Until you turn 80, you are no longer allowed to complain about “being old” around me. Turning 80 is when you can eat whatever you want, in any quantity you feel is appropriate, and you can begin talking about how old you feel. After listening to an early twenty-something complain about “how old they’re getting” last night, I realize how inane and ridiculous the line of conversation is.
You may of course continue to discuss how certain things that signal the passage of time. Like, “I can’t believe my niece/nephew is in first grade,” or, “Can you believe we started high school 20 years ago this month?” Passage of time is still a legitimate and interesting topic of conversation. (Other cliched topics I enjoy discussing: the weather in New England, bad hair days, and traffic patterns.)
Simply stating “I’m turning 28, I’m so old!” is not a legitimate topic of conversation.
I credit Mindy Kaling whose book, Is Everyone Hanging Out Without Me? (And Other Concerns), pointed out the idiocy of talking about “how stressed” you are.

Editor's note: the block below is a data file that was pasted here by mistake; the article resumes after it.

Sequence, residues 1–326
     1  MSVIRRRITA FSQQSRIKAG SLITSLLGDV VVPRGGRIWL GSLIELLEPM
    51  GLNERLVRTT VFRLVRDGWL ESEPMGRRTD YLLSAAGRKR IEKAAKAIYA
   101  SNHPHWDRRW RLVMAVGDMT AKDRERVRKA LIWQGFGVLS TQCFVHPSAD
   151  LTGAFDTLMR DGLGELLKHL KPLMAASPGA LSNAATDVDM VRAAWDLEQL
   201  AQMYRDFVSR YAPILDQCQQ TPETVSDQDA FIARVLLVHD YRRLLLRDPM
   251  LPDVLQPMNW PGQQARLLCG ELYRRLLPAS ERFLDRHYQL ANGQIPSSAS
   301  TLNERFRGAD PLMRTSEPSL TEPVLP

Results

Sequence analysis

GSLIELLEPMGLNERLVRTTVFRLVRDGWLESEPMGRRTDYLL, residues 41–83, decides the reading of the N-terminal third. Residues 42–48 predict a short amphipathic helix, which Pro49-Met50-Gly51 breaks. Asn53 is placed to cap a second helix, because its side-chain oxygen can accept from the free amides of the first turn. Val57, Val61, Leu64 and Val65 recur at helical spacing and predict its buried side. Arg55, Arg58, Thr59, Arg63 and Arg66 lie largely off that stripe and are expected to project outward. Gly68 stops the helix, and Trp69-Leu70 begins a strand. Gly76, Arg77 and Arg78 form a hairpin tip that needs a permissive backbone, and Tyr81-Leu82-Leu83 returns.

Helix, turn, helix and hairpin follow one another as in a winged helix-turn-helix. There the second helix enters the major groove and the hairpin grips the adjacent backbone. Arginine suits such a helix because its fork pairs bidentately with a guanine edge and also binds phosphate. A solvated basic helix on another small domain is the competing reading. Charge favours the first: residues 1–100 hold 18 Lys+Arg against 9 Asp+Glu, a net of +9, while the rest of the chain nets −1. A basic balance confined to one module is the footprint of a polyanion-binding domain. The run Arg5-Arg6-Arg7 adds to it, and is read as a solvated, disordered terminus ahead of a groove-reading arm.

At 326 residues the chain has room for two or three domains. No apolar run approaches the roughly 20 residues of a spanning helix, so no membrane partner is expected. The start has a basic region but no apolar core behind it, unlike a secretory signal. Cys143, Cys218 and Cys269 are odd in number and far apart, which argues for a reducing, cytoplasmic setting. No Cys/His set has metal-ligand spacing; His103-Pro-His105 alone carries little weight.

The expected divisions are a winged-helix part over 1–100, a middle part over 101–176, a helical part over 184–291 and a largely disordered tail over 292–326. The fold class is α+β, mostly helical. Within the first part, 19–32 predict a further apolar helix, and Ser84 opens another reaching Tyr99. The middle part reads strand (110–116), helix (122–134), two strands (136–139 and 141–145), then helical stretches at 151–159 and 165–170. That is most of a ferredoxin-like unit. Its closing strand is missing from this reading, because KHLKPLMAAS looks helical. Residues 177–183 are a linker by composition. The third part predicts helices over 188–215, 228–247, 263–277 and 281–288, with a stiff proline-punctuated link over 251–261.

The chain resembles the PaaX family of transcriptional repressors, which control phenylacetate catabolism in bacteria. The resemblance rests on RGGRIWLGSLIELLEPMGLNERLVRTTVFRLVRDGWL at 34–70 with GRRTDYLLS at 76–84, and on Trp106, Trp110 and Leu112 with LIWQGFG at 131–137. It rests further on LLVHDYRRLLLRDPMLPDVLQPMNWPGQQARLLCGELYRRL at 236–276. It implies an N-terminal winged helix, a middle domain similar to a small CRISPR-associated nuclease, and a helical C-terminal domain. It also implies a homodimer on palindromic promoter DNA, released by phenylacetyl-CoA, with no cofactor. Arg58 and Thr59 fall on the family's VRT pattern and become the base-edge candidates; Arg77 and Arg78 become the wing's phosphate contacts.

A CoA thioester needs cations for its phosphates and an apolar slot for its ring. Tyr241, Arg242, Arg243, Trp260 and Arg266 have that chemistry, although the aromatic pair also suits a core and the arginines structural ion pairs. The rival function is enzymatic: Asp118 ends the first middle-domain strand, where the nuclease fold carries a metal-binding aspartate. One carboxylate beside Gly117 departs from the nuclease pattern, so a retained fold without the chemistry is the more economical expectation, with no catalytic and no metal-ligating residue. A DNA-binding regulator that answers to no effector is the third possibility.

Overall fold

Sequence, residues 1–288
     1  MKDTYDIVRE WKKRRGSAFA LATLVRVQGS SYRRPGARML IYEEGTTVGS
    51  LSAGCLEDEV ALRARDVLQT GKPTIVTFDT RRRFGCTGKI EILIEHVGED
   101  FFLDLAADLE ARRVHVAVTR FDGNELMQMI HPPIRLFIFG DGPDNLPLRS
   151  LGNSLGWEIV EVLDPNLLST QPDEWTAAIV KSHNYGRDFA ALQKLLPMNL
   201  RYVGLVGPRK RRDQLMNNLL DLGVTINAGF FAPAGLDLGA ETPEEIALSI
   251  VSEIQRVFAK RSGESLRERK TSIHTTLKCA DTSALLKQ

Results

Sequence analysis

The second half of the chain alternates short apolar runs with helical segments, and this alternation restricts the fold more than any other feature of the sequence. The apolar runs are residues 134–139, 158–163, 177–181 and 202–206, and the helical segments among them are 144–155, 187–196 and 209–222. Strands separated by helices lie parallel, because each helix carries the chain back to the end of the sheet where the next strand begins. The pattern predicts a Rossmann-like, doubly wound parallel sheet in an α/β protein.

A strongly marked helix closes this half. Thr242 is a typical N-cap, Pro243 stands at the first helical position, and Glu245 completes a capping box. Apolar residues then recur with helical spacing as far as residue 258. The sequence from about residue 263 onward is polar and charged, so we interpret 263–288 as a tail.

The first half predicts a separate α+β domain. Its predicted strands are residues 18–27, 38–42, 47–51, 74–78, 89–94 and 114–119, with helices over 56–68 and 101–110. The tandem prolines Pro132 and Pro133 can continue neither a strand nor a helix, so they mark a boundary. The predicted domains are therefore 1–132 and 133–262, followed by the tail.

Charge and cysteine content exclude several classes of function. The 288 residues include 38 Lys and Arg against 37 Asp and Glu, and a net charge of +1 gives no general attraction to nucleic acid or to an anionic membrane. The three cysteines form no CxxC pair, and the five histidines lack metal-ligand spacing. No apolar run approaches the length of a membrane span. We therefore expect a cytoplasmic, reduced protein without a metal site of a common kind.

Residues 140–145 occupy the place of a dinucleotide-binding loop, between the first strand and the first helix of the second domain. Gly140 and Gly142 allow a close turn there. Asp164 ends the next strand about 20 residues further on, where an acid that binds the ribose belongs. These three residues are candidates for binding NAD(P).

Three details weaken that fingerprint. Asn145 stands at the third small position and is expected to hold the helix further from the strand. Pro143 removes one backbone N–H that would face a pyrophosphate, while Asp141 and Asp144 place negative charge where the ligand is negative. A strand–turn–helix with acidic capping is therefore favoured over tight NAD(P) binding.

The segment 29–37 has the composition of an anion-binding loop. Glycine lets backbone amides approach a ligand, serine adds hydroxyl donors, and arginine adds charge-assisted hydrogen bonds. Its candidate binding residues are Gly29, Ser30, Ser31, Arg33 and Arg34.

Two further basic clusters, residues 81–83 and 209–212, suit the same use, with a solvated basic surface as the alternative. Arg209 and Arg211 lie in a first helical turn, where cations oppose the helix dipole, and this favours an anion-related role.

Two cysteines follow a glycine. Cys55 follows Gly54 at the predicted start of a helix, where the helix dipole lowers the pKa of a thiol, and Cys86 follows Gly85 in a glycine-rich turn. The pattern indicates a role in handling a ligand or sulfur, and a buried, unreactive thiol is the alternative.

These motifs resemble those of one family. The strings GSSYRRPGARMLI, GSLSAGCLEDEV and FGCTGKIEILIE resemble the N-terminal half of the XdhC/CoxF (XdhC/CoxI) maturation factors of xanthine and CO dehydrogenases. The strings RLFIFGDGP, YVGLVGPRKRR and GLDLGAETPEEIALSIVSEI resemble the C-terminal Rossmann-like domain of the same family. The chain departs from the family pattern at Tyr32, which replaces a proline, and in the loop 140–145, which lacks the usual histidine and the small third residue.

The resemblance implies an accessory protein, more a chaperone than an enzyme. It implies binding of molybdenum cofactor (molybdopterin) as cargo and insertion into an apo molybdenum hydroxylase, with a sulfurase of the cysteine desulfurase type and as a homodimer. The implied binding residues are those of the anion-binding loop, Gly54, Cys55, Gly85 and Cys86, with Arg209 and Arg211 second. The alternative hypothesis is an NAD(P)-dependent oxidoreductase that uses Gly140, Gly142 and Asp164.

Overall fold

I read Mindy’s book last Winter after I spotted it, un-cracked, at my friend Kelley’s apartment. I think I read it in a day, and then I brought it with me on vacation to Montauk this summer.
Kaling has this great ability to put into words things you feel but can’t quite put your finger on:
“A note about me: I do not think stress is a legitimate topic of conversation, in public anyway. No one wants to hear how stressed out anyone else is, because most of the time everyone is stressed out. Going on and on in detail about how stressed out I am isn’t conversation. It’ll never lead anywhere. No one is going to say ‘Wow, Mindy, you really have it especially bad. I have heard some stories of stress, but this just takes the cake’.”
Yes, yes, yes. Now that you mention it, this is exactly how I’ve always felt while listening to friends or colleagues talk about how busy and/or stressed they are. Thank you for putting words to my side eyed-glance.
This is not to say that I’ve never complained about how busy or stressed I am, but I’ve vowed to limit that as a topic of conversation to my boyfriend and my mother going forward.
There’s also an excellent chapter on “rules for best friends,” that made me super sentimental for college, and an instructional manual for guys that had me nodding my head. For these reasons, I’m putting the book on my official list of hostess gifts, appropriate for any woman in their 20s, 30s, or 40s.